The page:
After the meeting she said she was feeling more concerned than before the meeting.
The contamination of private wells comes from a 200-million-year-old geological formation of granite underneath the ground.
Uranium is not a common mineral, but is found in granite and can remain in the ground for a very long time, said Bill Showers, a geochemist and professor at N.C. State University. When uranium breaks down it creates radon and radium which can also end up in the well water or in the air.
At Monday’s community meeting, Kane said they don’t have enough data to know if newer or deeper wells are any more or less contaminated than older wells.
Beneath the soil there is a layer of porous granite that may have some of the contaminants, but it’s a deeper level of fractured granite that has the uranium and is breaking down into radium and radon, Showers said. Natural pathways through that fractured granite carry water through the formation. It’s there that water comes into contact with the chemicals, he said.
Drinking water with too much uranium can cause kidney toxicity. And, longer term, high levels of uranium or radium can increase the risks of certain cancers. There is also an increased risk of certain types of cancer from drinking or bathing in water with too much radon.
“Would somebody live longer, would their parents live longer if they didn’t live in Knightdale and they lived in Apex because of differences in the water quality,” Showers said. “We just don’t have really good long-term data on that.”
Lifestyle choices and genetics also play a part, he said.
Wake County has already encountered two people who were sick, possibly from their water. The county was told their doctors asked that their well water be tested and that the water was believed to be related to their illness, Kane said in a previous interview.
Wake County environmental health staff have contacted their counterparts within the granite formation area, including in Johnson and Franklin counties.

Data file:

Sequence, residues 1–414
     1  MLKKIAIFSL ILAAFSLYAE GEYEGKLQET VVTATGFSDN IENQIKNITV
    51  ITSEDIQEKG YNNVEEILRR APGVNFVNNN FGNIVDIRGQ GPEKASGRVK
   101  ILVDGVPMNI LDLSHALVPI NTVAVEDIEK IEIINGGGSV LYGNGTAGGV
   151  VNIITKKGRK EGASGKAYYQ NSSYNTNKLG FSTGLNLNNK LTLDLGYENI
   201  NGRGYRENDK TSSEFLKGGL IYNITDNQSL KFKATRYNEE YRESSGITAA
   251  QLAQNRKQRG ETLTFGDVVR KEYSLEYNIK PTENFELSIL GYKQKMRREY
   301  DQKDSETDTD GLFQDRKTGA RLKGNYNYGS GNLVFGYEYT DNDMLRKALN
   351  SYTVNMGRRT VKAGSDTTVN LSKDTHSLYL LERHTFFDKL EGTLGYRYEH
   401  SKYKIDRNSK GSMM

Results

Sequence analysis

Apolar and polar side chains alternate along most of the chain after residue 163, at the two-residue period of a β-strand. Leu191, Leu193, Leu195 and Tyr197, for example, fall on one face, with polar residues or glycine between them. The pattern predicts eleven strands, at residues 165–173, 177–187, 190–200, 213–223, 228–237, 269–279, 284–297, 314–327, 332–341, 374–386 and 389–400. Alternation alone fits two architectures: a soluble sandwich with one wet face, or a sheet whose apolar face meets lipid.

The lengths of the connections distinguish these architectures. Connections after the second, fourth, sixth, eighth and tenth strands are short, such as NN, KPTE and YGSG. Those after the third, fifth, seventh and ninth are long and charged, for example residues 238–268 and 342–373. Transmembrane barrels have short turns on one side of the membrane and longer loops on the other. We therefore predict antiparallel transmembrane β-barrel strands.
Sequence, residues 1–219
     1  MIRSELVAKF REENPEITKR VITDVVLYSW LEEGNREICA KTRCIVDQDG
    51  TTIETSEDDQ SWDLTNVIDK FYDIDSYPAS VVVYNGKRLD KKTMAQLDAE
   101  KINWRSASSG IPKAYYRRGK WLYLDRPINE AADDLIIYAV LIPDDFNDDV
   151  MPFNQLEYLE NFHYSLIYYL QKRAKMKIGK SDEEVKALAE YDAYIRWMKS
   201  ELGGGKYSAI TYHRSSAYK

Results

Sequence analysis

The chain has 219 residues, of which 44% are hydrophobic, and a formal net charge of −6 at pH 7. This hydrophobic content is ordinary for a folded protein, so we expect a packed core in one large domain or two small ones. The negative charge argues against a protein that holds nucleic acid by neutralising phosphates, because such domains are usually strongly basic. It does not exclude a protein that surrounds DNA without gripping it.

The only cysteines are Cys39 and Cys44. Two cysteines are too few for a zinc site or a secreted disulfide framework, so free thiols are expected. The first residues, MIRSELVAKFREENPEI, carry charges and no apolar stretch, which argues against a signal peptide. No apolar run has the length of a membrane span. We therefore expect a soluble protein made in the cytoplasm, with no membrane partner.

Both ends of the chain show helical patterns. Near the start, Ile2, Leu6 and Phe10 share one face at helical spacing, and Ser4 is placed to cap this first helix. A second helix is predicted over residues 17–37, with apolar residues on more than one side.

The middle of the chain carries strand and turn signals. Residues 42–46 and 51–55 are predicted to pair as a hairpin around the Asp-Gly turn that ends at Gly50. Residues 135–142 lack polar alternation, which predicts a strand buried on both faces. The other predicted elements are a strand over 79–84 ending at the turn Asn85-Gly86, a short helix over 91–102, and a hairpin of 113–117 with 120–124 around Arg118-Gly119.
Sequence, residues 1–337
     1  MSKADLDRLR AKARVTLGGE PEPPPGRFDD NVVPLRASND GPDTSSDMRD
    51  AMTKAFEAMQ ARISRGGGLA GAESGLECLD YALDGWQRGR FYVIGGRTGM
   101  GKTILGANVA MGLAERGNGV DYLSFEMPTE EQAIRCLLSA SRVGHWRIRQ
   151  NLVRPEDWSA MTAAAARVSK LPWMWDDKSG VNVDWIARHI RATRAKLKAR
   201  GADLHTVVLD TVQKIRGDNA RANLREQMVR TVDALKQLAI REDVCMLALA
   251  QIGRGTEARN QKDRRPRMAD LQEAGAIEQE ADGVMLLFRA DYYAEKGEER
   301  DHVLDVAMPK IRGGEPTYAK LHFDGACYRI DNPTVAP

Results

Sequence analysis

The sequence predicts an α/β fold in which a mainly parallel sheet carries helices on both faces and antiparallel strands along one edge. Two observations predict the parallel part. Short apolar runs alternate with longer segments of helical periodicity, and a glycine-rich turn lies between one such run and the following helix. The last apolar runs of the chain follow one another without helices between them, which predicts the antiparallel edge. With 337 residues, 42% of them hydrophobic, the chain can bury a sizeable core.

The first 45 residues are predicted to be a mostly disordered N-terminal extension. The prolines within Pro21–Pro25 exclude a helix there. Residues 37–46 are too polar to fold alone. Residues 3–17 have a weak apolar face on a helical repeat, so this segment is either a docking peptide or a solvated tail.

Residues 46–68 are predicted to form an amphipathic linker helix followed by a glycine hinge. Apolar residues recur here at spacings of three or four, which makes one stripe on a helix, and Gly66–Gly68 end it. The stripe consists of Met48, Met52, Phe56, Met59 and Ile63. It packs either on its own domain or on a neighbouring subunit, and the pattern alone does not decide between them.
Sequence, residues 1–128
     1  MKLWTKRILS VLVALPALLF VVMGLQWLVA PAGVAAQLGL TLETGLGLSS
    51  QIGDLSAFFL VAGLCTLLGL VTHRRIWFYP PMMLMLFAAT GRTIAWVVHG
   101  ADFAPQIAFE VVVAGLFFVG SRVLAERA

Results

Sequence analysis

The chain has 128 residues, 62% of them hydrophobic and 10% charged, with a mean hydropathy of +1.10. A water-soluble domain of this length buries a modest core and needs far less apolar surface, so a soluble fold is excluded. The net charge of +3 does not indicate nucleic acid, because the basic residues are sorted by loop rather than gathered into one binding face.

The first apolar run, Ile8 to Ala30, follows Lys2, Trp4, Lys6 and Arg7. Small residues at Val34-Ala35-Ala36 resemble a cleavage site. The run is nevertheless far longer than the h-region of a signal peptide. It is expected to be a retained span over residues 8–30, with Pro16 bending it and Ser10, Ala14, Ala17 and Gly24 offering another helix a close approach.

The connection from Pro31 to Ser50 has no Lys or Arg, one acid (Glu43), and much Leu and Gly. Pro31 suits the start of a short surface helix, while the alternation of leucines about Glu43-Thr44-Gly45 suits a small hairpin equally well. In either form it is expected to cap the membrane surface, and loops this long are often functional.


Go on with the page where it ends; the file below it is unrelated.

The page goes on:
“I am not overly worried about it, but it is something we need to take seriously,” said Scott LaVigne, Franklin County’s health director.
Close to 70% of the county’s 65,000 residents are on well water. The county plans to start notifying residents at the end of summer, but not in mass like Wake County. Franklin County residents concerned about their wells can call 919-496-2533.
Attempts to call staff members from Johnston, Vance and Warren counties for this story late Tuesday afternoon were not successful.
What to do if you’re concerned about your well:
If you receive a bill for water from a city or community well, then the water is already being tested on a regular basis.
If you have a private well, you may visit wakegov.com/wells and type in your address to see if your well is within the affected area. People can also call 919-893-WELL (9355) to see if their home within the affected area. People who receive a mailer from the county are within the affected area.
The contaminants are tasteless, colorless and tasteless. The only way to know if your well is contaminated is to have your well tested. Information about how to test your well is available at wakegov.com/wells